Leisure's motion to dismiss (Doc. 46) argues the Rippers fail to state a claim and lack standing to assert claims under Illinois law. The Rippers did not respond to the Motion, but instead, and within the time period for a response, filed a motion seeking dismissal without prejudice so that they may refile the case in Michigan against Wilson Marine Corp. Leisure objects to dismissal without prejudice, arguing it will be unduly prejudiced if the Rippers are allowed to refile their lawsuit in another jurisdiction.

         The dismissal of a plaintiff's Complaint without prejudice under Rule 41(a)(2) is within the district court's sound discretion. See Tyco Labs., Inc. v. Koppers Co., 627 F.2d 54, 56 (7th Cir. 1980). In deciding whether to grant a Rule 41(a)(2) motion to dismiss, courts should consider a variety of factors, including: (1) a defendant's effort and resources already expended in preparing for trial; (2) excessive delay and lack of diligence on the part of plaintiff in prosecuting the action; (3) insufficient explanation for the need of a dismissal; and (4) whether a summary judgment motion has been filed by defendant. Id., at 56. There is no mandate that each and every factor be resolved in favor of the moving party before dismissal is appropriate; the factors are merely a guide for the courts.

         Here, Leisure opposes dismissal without prejudice on several grounds. It argues the Rippers lacked diligence in bringing their motion, that they are attempting to forum shop by dismissing their claims here and refiling them in Michigan, that they it has already expended significant resources in defending this matter, and that it has filed a dispositive motion to dismiss that should result in dismissal with prejudice. In support, Leisure relies on Wojtas v. Capital Guardian Trust Co., 477 F.3d 924 (7th Cir. 2007).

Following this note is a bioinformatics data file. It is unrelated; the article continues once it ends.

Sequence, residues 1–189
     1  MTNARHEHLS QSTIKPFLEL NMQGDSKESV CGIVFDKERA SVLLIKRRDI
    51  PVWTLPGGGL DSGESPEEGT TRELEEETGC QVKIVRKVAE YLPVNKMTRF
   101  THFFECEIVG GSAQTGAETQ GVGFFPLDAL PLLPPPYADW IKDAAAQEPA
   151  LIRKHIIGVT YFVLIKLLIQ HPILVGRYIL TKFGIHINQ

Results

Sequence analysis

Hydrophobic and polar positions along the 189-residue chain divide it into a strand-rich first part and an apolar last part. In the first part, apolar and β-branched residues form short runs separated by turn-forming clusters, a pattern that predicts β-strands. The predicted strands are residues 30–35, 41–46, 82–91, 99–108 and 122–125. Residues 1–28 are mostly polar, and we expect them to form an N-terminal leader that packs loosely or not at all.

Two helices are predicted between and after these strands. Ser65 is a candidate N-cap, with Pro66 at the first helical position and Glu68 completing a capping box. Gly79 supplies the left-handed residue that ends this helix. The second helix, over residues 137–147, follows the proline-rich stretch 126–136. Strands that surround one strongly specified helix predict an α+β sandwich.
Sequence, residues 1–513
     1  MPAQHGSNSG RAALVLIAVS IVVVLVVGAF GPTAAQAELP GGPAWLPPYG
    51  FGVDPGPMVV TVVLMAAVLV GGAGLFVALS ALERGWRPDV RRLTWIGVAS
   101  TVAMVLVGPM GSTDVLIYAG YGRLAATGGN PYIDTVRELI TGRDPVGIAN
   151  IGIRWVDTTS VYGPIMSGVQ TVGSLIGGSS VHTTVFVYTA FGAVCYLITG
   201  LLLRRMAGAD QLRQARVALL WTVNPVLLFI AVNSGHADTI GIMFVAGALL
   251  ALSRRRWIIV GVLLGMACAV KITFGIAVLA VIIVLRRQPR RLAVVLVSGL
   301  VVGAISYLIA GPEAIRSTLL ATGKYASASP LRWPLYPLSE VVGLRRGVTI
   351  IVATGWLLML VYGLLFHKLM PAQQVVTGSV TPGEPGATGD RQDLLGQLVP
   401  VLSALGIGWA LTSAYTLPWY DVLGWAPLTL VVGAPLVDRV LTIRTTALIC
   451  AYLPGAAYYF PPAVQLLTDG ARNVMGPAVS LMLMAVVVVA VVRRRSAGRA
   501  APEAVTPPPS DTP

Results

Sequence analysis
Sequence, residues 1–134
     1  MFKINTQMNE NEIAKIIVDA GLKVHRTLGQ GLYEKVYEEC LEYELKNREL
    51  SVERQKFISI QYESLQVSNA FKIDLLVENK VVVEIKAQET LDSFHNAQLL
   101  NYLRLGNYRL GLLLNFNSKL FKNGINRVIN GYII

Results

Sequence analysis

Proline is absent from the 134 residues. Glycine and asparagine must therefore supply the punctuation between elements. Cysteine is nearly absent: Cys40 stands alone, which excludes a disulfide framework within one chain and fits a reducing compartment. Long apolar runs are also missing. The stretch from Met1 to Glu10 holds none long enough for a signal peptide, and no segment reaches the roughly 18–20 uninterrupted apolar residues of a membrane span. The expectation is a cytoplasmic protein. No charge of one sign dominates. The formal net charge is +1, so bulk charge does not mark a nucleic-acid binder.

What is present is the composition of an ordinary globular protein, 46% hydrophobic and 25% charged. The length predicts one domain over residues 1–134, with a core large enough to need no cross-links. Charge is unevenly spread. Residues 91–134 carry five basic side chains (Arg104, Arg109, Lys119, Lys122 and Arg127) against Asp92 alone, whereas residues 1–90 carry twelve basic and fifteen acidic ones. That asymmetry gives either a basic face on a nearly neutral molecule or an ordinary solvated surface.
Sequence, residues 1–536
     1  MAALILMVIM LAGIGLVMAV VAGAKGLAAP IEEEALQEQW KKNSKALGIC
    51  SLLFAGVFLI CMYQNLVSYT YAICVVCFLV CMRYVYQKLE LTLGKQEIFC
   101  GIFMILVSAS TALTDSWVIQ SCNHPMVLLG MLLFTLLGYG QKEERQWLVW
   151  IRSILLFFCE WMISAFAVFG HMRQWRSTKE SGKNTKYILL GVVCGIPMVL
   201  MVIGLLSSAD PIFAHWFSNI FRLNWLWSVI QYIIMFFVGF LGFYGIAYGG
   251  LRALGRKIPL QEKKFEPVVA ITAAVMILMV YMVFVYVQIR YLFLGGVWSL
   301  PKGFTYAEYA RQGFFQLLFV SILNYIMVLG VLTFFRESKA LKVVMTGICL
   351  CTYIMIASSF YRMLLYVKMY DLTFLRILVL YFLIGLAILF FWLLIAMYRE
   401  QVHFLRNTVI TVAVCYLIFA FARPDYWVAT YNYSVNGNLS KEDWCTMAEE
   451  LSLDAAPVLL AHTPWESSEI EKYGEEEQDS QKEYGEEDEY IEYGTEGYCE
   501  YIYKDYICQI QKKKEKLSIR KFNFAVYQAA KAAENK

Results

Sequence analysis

In Wotjas, a breach of fiduciary action, the plaintiffs sought dismissal without prejudice of a case that was time-barred in Wisconsin in order to file suit in Illinois, which has a longer statute of limitations. Id. at 925-926. Their motion was filed after the defendant filed a motion for judgment on the pleadings setting forth the statute of limitations defense. The Seventh Circuit affirmed the denial of plaintiffs' motion to dismiss because defendant “having acquired a right to assert the statute of limitations bar by operation of Wisconsin law, would suffer plain legal prejudice if the [plaintiffs'] motion for voluntary dismissal were granted.” Id. at 927-928.

         Unlike in Wotjas, the relevant factors in this case weigh in favor of voluntary dismissal. This litigation, although pending since June 4, 2018, it is not at an advanced stage procedurally. Discovery is still on-going and trial is not set until 2020. While Leisure has expended effort in motion practice and discovery, such efforts do not outweigh Plaintiffs right to seek dismissal of their case. As Leisure points out, it has not “had the opportunity to even substantively answer any of the Plaintiffs' claims” because this matter is still at the pleading stage. And, although there has been some delay in the progress of this case, it has not been excessive or due to lack of diligence.

         Finally, no plain legal prejudice would ensue with dismissal. Contrary to Leisure's presumption, it is not a foregone conclusion that its motion to dismiss would be granted or that it would be conclusively dispositive. Accordingly, Plaintiffs Motion to Dismiss pursuant to Rule 41(a)(2) (Doc. 50) is GRANTED. This matter is D ...